Some of the lawsuits that Mitchell filed also create a new class of plaintiffs: teachers who say they joined the unions because they felt like they had little choice. Had they not been required to pay agency fees, which often cost nearly as much as a full membership, they would not have become members, they argue. Those teachers are seeking restitution in the amount of the agency fees they paid, whether they retained or resigned their union membership.
For example, in a lawsuit filed against Education Minnesota, plaintiff Deborah York, a now-retired teacher, chose to remain a member of the union even though she opposed its collective-bargaining activities and political and ideological advocacy, “because resigning her membership would have saved very little money and would not have been worth the cost of losing her vote and whatever little influence she might have in collective-bargaining matters,” the suit read.
But unions, including Education Minnesota, maintain that teachers always had a choice whether to belong to the union or just pay agency fees.
“I don’t think the law runs backwards in that way,” O’Brien said. “I think the law holds people to the choices they made at the time they made them.”
‘Hotel California’ Agreements
Another thread of litigation is a challenge to unions’ opt-out, or drop, windows. In many places, teachers’ union dues are deducted from employees’ paychecks. Some unions only allow teachers to stop the payroll deduction during a certain date range in the year. That means teachers could decide they want to leave the union, but have to keep paying membership dues for months until the drop window rolls around. The drop window varies in duration, but can be as short as a few days.
There are at least two separate lawsuits—in New Jersey and Washington state—challenging these opt-out windows. (Those suits are against public-sector unions, but not specifically teachers’ unions.) Some of Mitchell’s lawsuits also incorporate this complaint. And Semmens said there will likely be more litigation to come.
“You have a right not to be a union member, and the second you’re no longer a formal union member, then any money taken from you violates your constitutional rights,” he said.
In the case against Education Minnesota, the plaintiffs are asking the court to order the union to “immediately honor and enforce” a teacher’s decision to withdraw payment, regardless of the time of year that decision is made. Douglas Seaton, an attorney who is Mitchell’s co-counsel in the Minnesota case, called the seven-day window akin to “Hotel California-style agreements.”
In a provided statement, Education Minnesota President Denise Specht said the opt-out windows are “valid and reasonable,” likening them to enrollment windows for health-care plans.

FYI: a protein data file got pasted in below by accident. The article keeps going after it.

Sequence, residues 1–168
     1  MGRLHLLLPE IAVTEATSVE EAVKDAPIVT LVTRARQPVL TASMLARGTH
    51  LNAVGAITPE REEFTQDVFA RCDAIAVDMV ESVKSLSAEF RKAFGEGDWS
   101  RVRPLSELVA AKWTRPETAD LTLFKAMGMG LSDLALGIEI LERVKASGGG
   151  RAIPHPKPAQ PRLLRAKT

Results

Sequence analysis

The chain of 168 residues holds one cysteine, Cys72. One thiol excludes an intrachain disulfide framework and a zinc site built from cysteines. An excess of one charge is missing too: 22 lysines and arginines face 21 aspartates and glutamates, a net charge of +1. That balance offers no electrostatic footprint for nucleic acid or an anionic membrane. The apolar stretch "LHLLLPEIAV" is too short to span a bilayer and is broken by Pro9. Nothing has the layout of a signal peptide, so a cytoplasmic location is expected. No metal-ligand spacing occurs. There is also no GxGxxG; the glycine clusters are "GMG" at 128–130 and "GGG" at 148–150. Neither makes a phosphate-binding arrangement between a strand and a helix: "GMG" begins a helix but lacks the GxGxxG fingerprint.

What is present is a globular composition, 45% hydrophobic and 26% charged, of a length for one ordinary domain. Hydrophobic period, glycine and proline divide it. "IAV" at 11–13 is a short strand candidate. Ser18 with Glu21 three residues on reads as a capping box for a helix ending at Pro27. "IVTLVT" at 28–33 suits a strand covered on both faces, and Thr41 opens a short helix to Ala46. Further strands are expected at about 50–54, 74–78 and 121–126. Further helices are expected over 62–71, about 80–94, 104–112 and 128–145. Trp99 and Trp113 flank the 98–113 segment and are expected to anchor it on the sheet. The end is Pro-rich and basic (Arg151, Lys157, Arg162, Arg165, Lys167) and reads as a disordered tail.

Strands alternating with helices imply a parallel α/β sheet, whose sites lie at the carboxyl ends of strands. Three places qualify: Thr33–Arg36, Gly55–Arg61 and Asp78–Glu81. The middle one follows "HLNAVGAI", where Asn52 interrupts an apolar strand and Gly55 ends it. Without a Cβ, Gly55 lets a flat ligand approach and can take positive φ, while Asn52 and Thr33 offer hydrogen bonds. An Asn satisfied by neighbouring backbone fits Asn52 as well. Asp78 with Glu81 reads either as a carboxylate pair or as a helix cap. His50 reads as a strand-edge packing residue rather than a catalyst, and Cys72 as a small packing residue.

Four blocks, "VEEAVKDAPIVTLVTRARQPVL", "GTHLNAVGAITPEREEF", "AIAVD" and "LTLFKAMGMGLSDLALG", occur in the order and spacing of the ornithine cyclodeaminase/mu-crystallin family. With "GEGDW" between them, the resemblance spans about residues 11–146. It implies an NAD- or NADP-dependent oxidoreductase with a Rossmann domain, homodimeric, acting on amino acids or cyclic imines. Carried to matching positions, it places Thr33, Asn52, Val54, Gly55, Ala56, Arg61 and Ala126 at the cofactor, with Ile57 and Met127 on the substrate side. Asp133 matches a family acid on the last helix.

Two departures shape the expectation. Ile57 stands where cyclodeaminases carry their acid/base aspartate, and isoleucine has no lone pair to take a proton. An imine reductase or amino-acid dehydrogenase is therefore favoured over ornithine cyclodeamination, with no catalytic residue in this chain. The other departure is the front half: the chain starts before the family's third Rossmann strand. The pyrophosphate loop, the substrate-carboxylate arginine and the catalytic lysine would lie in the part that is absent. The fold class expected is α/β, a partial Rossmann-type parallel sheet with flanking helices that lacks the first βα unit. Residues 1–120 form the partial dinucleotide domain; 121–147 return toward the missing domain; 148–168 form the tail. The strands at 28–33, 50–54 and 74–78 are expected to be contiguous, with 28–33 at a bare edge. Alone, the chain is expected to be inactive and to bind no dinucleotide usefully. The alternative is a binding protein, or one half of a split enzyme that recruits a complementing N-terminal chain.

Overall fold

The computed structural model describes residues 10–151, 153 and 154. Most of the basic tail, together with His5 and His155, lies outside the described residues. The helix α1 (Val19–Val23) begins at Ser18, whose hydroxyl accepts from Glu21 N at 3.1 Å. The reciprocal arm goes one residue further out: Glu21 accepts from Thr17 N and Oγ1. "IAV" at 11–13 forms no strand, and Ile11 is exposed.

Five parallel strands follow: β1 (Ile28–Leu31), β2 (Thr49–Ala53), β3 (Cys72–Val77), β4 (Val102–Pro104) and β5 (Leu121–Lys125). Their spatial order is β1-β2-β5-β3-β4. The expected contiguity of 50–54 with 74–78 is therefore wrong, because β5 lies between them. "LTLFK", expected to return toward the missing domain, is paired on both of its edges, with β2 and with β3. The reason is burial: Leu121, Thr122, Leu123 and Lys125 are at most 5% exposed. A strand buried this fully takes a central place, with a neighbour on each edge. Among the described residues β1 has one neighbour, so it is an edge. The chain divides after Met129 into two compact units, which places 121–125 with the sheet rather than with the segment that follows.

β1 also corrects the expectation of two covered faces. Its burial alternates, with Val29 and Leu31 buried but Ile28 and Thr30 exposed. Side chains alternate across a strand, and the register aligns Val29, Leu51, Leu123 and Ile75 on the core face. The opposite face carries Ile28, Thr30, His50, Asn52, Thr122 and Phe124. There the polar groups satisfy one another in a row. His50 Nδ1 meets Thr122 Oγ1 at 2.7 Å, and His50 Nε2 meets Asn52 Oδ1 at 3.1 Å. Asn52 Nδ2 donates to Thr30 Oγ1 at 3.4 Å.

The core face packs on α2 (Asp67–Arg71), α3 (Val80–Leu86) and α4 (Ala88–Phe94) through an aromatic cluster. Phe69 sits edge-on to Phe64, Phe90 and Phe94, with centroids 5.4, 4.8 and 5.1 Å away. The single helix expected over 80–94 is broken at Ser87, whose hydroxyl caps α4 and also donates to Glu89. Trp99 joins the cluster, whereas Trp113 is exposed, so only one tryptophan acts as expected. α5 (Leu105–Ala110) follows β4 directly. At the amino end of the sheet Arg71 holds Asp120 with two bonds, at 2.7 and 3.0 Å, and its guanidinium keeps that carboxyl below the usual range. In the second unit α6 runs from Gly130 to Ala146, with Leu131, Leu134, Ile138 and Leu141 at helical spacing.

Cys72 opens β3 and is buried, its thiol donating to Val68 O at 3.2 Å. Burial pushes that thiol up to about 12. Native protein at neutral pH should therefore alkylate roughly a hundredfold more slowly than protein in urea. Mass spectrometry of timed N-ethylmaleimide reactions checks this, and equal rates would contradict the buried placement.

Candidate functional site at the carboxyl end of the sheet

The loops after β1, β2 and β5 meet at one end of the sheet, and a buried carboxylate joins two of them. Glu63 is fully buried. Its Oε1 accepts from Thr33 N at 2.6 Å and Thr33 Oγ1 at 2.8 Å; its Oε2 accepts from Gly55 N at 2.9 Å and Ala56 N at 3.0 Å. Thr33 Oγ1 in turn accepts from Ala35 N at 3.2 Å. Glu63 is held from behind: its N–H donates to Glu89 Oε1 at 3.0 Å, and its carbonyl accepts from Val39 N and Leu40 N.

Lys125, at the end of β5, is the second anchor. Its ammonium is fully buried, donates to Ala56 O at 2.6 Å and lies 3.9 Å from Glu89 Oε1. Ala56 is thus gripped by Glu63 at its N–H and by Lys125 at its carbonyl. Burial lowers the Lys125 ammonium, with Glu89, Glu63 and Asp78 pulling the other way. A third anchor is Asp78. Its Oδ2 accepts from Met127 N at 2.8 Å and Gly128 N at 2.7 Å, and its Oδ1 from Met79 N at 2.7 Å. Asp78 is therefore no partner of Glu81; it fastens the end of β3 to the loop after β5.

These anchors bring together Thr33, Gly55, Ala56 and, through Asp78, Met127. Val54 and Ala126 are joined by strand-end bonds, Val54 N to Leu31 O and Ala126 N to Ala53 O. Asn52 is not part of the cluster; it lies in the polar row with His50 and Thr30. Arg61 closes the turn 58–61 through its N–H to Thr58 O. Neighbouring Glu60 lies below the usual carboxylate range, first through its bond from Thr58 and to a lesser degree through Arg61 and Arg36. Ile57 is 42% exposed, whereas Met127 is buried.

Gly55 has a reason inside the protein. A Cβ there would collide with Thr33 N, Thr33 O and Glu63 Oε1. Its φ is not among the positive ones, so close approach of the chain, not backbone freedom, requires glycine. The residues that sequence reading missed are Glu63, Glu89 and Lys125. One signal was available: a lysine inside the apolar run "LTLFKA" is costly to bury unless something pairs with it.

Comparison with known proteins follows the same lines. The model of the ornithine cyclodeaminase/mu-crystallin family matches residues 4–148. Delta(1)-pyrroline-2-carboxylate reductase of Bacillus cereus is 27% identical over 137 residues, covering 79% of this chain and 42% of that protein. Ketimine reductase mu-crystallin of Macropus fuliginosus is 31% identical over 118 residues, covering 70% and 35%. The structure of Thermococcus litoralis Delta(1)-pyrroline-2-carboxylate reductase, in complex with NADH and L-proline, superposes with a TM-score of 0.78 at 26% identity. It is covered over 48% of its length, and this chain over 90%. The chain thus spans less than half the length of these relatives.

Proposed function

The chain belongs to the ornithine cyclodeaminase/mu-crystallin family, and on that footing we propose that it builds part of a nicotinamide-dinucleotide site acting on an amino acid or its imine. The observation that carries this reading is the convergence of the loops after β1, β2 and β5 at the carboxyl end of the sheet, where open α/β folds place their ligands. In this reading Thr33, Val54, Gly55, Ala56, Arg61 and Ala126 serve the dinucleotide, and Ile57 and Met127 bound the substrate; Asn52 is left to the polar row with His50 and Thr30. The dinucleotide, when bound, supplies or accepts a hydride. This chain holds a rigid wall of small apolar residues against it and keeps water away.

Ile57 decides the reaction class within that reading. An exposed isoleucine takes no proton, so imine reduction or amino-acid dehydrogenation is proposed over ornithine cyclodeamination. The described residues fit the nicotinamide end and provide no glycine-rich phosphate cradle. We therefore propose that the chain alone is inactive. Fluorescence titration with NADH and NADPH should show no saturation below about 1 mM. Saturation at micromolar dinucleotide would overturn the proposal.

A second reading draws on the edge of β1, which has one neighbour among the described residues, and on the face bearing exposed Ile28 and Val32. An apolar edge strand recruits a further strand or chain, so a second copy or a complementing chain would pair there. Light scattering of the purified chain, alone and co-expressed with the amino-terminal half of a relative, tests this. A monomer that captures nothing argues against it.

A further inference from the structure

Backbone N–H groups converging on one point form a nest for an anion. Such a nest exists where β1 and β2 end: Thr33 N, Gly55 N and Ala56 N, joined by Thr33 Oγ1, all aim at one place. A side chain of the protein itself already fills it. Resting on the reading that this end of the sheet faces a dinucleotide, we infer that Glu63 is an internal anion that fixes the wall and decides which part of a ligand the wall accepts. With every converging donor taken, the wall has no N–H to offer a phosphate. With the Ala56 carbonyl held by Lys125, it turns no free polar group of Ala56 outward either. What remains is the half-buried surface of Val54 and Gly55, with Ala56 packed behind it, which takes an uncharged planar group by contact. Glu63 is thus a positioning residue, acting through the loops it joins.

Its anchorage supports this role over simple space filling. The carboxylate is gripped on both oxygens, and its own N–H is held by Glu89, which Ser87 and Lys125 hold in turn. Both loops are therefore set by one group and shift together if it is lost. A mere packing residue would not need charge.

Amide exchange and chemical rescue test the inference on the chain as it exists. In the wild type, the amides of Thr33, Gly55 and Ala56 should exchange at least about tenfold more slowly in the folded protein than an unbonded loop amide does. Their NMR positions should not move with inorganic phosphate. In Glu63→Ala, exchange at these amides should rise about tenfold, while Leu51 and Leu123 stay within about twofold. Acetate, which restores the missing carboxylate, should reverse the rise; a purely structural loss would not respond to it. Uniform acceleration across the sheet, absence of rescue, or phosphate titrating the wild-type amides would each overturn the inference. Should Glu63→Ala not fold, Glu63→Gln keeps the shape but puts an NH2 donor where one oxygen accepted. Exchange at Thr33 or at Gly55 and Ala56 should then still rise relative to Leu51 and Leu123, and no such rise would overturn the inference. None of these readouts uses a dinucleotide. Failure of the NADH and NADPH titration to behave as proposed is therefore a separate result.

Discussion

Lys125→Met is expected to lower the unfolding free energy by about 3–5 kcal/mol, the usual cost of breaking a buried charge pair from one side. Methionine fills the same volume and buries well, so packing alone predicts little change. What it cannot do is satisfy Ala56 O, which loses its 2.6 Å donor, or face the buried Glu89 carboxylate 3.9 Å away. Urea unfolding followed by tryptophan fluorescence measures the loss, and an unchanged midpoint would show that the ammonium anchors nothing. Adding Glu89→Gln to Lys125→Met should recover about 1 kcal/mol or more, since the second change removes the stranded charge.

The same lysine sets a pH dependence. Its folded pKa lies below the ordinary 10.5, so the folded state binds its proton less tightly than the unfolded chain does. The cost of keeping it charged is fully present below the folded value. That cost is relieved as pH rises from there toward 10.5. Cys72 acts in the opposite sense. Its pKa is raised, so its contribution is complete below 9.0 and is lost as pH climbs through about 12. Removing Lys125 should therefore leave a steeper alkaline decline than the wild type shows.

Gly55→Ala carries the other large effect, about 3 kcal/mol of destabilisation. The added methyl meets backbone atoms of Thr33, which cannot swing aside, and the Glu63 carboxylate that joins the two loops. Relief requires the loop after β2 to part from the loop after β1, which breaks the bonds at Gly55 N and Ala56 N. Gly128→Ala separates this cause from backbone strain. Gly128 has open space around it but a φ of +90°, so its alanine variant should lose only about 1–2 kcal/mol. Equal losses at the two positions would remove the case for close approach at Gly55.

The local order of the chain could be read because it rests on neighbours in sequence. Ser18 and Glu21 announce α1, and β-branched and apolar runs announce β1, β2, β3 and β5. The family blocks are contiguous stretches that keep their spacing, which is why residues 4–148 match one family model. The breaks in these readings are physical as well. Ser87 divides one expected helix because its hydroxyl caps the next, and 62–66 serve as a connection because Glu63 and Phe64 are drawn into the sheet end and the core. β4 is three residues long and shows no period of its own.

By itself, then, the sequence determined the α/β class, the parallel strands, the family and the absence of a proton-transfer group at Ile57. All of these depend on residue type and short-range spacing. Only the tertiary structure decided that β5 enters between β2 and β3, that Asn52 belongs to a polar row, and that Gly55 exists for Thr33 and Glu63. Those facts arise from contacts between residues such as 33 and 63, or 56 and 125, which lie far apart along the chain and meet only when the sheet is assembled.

“Drop windows prevent someone from joining the union only long enough to vote on a contract or to obtain a member-only benefit, including our popular relicensure classes, before canceling their membership,” she said. “Drop windows also give our union predictability in our finances so we can provide services to members based on an annual budget, just like any other organization.”
A Long, Hard Road for Unions
Even if the unions ultimately triumph in these legal challenges, it will be a long, expensive battle to fight them in court. And the loss of agency fees—and an expected loss of members, now that it’s easier to cut ties with the union—has already hit teachers’ unions’ coffers. The National Education Association’s 2018-20 budget includes a $50 million reduction.
However, the NEA’s budget, which passed this summer, also invested more money into the union’s legal fund to defend against these kinds of legal attacks. Union leaders themselves expect the post-Janus litigation to eventually reach the nation’s highest court.
If so, the case will be heard by a mostly conservative bench, which includes the newest justice, Brett Kavanaugh. Union leaders had fought bitterly against Kavanaugh’s nomination, in part because of his record on labor cases. Harvard’s Block said he has been “hostile to the interests of workers” in the past.
In the meantime, the University of Nevada’s Marianno said unions will have to double down on attracting and retaining dues-paying members. That will likely be through an increased emphasis on teacher voice, he said, which could include more labor unrest. There were six widescale teacher walkouts and protests in the spring, and already this school year, there was a series of teacher strikes in Washington state. Teachers in the nation’s second-largest district, Los Angeles Unified, could soon strike, too.
Indeed, AFT’s Weingarten warned that the parties filing the cases should “be careful what [they wish] for.”
“Where once labor questions were resolved at the bargaining table, cases like these, if successful, make it far more likely they’ll be fought in statehouses and the streets,” she said. “They will make unions more political, not less.”
A version of this article appeared in the October 24, 2018 edition of Education Week as Teachers’ Unions Facing New Round Of Legal Battles